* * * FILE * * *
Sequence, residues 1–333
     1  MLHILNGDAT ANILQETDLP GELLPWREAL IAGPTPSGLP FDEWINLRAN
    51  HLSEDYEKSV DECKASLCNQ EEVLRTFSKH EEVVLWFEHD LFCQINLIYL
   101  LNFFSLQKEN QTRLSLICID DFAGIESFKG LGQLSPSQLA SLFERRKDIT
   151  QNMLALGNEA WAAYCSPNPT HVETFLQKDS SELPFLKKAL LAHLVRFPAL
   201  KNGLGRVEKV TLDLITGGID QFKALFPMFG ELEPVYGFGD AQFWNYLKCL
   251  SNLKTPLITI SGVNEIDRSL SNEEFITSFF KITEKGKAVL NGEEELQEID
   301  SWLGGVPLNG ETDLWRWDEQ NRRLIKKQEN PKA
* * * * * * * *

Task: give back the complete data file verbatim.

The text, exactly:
Sequence, residues 1–333
     1  MLHILNGDAT ANILQETDLP GELLPWREAL IAGPTPSGLP FDEWINLRAN
    51  HLSEDYEKSV DECKASLCNQ EEVLRTFSKH EEVVLWFEHD LFCQINLIYL
   101  LNFFSLQKEN QTRLSLICID DFAGIESFKG LGQLSPSQLA SLFERRKDIT
   151  QNMLALGNEA WAAYCSPNPT HVETFLQKDS SELPFLKKAL LAHLVRFPAL
   201  KNGLGRVEKV TLDLITGGID QFKALFPMFG ELEPVYGFGD AQFWNYLKCL
   251  SNLKTPLITI SGVNEIDRSL SNEEFITSFF KITEKGKAVL NGEEELQEID
   301  SWLGGVPLNG ETDLWRWDEQ NRRLIKKQEN PKA